Hertz Insiders Are Cashing Out
Car rental company Hertz Global Holdings announced a secondary offering of 60 million shares after close of trading on Wednesday. Unfortunately for investors, the company itself will collect not a penny of the more than $1.2 billion expected to be raised by such a sale.
Why not? Because every single share being offered is a share currently owned by major shareholders -- investment funds associated with Clayton, Dubilier & Rice, The Carlyle Group , and Bank of America . In at least two instances -- two funds owned by Bank of America/Merrill Lynch -- these investors will be cashing out their entire stakes in Hertz.
With Hertz shares up 40% over the past 52 weeks, it's not surprising that insiders would want to take some profits from their investment. Nevertheless, the fact that insiders are dumping such a large number of Hertz shares on the market -- about 14.2% of shares outstanding -- is likely to depress the share price until the wave of selling has passed.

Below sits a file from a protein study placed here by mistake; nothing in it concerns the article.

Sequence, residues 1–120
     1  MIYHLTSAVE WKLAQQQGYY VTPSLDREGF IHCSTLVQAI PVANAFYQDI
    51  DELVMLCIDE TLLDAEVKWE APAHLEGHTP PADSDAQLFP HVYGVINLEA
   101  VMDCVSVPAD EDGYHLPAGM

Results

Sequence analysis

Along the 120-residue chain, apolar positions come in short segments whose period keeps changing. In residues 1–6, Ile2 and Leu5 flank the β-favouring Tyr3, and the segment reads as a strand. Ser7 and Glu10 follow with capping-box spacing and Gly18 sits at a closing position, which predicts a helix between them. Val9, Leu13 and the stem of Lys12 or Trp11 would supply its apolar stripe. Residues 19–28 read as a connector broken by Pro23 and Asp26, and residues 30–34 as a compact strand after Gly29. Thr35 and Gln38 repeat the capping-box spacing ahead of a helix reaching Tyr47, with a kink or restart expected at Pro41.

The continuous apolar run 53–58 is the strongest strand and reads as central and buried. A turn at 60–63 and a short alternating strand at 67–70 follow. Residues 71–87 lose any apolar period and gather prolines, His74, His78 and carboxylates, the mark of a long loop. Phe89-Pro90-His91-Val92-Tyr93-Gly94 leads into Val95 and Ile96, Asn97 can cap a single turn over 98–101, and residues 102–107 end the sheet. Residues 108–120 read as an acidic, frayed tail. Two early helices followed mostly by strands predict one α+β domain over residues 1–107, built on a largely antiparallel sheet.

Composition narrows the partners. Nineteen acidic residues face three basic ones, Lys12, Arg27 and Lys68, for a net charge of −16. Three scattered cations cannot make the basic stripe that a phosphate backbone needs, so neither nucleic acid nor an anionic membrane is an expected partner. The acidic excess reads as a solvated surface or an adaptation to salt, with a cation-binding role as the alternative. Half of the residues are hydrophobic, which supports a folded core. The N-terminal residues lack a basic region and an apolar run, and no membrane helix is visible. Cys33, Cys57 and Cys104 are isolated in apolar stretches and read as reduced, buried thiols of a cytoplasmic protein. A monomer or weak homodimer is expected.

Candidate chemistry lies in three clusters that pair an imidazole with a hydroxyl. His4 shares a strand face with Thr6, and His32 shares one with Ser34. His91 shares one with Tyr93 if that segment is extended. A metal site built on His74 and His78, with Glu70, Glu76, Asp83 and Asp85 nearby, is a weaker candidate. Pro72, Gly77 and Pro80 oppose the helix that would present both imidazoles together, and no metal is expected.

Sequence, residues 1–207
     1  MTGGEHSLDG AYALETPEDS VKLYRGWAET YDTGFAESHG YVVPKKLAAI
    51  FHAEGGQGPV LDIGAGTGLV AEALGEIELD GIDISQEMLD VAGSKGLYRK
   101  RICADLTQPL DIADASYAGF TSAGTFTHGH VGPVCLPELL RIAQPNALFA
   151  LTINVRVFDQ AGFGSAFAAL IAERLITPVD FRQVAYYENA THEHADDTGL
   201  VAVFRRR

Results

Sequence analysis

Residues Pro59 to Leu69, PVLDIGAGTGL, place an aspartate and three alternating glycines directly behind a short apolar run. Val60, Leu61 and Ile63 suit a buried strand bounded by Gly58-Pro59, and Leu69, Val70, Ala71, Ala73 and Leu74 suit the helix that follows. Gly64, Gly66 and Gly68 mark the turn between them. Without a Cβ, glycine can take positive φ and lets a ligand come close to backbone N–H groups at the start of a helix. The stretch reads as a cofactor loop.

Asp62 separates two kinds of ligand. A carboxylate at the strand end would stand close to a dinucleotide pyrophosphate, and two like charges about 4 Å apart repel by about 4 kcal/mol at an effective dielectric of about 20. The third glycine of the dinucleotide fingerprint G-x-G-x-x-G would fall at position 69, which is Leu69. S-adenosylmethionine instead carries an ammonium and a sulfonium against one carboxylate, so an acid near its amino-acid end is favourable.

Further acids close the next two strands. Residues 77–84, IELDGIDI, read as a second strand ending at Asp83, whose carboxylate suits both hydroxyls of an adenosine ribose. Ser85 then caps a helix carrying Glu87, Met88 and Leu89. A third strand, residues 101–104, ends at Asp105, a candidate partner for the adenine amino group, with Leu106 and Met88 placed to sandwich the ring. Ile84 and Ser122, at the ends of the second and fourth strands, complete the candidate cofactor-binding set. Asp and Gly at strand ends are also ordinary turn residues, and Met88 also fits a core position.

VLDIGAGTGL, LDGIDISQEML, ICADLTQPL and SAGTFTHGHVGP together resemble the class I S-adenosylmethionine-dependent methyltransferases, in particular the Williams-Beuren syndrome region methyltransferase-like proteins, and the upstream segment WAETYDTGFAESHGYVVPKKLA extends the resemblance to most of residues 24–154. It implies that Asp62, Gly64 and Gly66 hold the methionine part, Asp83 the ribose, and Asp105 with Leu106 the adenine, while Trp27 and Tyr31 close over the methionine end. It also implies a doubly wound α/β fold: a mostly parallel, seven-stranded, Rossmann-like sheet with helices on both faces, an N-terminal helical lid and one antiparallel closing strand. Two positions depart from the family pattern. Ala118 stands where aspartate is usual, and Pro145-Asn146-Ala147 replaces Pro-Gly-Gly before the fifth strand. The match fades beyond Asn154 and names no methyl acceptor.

In an attempt to mitigate this effect, Hertz says it will repurchase about two-fifths of the offered shares itself -- 23.2 million shares -- and then use the entirety of the shares bought back to pay off its convertible debt. With more than $490 million in cash on its balance sheet, the company should have no problem accomplishing this, and the net effect should be that Hertz's cash balance will go down, but its debt load will go down in tandem.
Shareholders are accordingly taking the share offering news in stride. After rising 0.4% in daytime trading, Hertz shares are flat after-hours.
The article Hertz Insiders Are Cashing Out originally appeared on Fool.com.Fool contributor Rich Smith has no position in any stocks mentioned. The Motley Fool owns shares of Bank of America and Hertz Global Holdings. Try any of our Foolish newsletter services free for 30 days. We Fools may not all hold the same opinions, but we all believe that considering a diverse range of insights makes us better investors. The Motley Fool has a disclosure policy.